Eberhardt is also the link that ties alumni together across many generations. “Ask any graduate of the last 50 years what the NJIT campus looked like, and he’ll likely describe the castle,” said Bernard Coopersmith, Union, a 1944 graduate of Newark College of Engineering. “Eberhardt is a visual symbol of the common tradition that the university has imparted to the technological leaders of three centuries.”
Eberhardt Hall is listed in the National Register of Historic Places as a beautiful example of the Gothic architecture of the mid-19th century, built in the Elizabethan style with elements reminiscent of 15th and 16th century castles. “It’s a rare building,” noted Gibson. “There’s only one other Elizabethan Gothic in New Jersey and maybe a handful on the entire Eastern Seaboard.” Welch, a founder of the American Institute of Architects, was a noted church architect, who in 1850 designed another nearby Newark landmark structure, St. James A.M.E. Church, noted for its stained glass windows.
Records note that the NJIT structure was completed as the Newark Orphan Asylum. According to Gibson, the architect, the interior was designed for the comfort of the children, which the low banister height on the grand staircase demonstrates.
The building was state-of-the-art for 1857, with modern conveniences including gaslight, steam heat and hot-and-cold running water, amenities that were rare even in the period’s most affluent homes. Contemporary records show unusual safety features including an early fire-extinguishing system and emergency exits.
“In many ways, the building is a monument to the City of Newark and its tradition of compassionate humanitarianism, in providing such a gracious and well-equipped structure solely for the benefit of orphaned children,” said Altenkirch.
Eberhardt, the man, embodied the NJIT spirit and still provides a role model. He was an alumnus, a graduate of one of the very first classes of Newark Technical School, NJIT’s predecessor institution. He became president of his family’s company, Gould & Eberhardt, a Newark-based manufacturer of gear cutters and shapers, and led the firm’s growth as a major supplier to the auto industry, as well as to the military during World War II. He joined the board of trustees in 1910 and serving until his death in 1946.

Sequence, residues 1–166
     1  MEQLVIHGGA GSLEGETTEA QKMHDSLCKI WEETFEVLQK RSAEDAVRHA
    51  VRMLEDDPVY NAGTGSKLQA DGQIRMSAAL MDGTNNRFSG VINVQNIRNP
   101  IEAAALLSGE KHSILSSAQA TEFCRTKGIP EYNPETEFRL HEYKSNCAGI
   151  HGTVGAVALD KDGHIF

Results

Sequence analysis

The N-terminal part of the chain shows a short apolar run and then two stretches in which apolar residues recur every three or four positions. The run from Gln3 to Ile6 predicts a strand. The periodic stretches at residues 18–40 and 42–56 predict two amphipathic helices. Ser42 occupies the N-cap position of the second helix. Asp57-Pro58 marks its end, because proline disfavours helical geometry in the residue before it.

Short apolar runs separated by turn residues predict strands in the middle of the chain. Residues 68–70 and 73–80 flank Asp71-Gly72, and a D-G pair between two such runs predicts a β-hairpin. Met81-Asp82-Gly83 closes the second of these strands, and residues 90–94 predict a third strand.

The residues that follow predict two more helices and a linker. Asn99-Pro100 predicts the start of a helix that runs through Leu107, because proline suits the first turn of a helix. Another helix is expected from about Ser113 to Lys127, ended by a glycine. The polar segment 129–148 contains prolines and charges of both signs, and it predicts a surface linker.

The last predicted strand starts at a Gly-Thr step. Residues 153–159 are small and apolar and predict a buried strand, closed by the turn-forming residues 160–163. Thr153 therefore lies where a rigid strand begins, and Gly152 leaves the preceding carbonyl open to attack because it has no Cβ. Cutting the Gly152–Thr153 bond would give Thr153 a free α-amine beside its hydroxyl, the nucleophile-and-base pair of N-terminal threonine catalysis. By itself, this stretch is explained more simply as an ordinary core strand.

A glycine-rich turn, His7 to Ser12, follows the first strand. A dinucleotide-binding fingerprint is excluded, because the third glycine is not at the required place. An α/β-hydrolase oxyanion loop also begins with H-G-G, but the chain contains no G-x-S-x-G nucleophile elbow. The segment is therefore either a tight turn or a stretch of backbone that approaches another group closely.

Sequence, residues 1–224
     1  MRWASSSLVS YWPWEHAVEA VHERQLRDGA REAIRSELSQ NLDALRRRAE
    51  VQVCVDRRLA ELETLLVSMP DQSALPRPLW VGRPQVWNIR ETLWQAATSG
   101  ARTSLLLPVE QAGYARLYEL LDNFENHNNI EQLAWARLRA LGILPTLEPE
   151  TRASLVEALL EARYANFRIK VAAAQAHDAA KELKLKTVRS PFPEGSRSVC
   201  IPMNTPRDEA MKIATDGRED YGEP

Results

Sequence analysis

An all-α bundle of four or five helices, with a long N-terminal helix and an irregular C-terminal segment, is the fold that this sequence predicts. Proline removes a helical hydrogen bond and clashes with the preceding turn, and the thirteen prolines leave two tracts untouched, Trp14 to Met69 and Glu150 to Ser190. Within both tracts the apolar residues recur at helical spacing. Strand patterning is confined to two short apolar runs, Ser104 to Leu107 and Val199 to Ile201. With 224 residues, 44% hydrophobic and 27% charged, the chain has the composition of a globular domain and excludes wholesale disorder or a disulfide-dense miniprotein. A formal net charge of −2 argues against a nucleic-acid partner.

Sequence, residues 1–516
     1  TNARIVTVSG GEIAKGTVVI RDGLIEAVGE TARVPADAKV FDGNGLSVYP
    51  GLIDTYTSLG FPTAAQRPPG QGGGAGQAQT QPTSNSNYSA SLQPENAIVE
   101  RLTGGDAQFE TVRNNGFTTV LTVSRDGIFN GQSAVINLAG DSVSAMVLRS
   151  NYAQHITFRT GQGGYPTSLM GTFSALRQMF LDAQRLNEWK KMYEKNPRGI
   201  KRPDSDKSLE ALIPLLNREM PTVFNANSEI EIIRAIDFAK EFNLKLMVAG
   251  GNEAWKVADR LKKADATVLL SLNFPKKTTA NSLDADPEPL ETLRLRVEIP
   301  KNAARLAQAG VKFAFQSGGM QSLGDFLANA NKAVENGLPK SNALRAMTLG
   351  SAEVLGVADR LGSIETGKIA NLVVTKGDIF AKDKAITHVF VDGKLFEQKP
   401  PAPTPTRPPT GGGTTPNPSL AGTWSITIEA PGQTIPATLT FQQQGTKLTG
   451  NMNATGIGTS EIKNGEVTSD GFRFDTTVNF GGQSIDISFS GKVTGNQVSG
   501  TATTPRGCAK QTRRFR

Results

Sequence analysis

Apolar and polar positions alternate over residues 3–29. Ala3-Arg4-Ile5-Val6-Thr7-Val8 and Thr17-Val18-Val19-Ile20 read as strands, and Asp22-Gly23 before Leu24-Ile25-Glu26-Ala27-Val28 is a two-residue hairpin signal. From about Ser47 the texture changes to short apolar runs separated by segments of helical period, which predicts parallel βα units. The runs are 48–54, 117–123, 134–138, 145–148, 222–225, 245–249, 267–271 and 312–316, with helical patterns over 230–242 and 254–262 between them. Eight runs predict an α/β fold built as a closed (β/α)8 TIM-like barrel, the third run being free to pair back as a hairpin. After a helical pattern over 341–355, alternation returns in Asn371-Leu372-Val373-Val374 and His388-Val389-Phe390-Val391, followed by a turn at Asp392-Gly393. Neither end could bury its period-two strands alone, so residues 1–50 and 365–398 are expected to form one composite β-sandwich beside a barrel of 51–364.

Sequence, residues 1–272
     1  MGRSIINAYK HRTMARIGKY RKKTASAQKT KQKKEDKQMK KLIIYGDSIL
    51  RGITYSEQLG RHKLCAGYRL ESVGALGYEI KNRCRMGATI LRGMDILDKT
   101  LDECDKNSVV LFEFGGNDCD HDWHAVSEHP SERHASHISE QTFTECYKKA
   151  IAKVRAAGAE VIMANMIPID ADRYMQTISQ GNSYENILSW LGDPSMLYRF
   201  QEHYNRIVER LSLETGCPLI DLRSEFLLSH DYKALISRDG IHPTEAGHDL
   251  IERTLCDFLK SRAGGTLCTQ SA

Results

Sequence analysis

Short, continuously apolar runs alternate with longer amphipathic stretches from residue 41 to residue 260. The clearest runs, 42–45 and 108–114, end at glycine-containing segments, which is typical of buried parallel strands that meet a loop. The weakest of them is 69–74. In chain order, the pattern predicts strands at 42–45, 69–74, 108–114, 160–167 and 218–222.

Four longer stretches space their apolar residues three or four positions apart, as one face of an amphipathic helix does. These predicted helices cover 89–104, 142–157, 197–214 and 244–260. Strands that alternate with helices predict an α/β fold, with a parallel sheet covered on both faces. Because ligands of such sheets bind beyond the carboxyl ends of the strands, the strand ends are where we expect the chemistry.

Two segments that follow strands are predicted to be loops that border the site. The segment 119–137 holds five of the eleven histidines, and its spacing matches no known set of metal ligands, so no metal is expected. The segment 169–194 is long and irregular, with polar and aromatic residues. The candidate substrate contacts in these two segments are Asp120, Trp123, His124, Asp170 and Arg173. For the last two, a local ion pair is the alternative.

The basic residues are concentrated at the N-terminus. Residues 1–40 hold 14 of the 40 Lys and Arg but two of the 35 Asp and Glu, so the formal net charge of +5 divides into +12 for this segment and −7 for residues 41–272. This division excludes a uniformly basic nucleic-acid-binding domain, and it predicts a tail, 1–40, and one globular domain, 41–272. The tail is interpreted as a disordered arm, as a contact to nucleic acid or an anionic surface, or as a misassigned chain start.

“The restored Eberhardt will be an important enhancement to campus life,” said Altenkirch. “The other buildings on our campus are modern and utilitarian, and that’s as it should be. An institution that focuses on technology and science should emphasize contemporary style and functionality. But a university also needs some space that expresses graciousness and tradition, an enclave away from the rapid-fire distractions of 21st century life. That’s the role we see for Eberhardt Hall.”
The Newark Preservation and Landmarks Committee is the only private organization devoted fully to saving, restoring and promoting the city’s rich historical and architectural heritage. Since 1973 the Committee has helped save and restore irreplaceable structures and sculptures, won official protection and public appreciation for many landmarks and sponsored publications, tours and activities. There are more than 70 Newark buildings, districts, parks and sites listed on the National and New Jersey registers of historic places. Buildings, once registered but later demolished are not listed.
Newark College of Engineering, established in 1919, was the predecessor of NJIT. In 1973, the State of New Jersey selected the engineering college in Newark as the home for a new public school of architecture. Reflecting a now expanded mission, the institution was renamed New Jersey Institute of Technology. Today the New Jersey School of Architecture at NJIT is the eighth largest architecture school in the nation and is widely recognized for its innovative integration of computer technology into the design curriculum.
Before 1919, the engineering college was a technological school with roots dating to 1881. Today NJIT is comprised of the two earlier colleges, plus four new ones: College of Science and Liberal Arts, School of Management, Albert Dorman Honors College and College of Computing Sciences.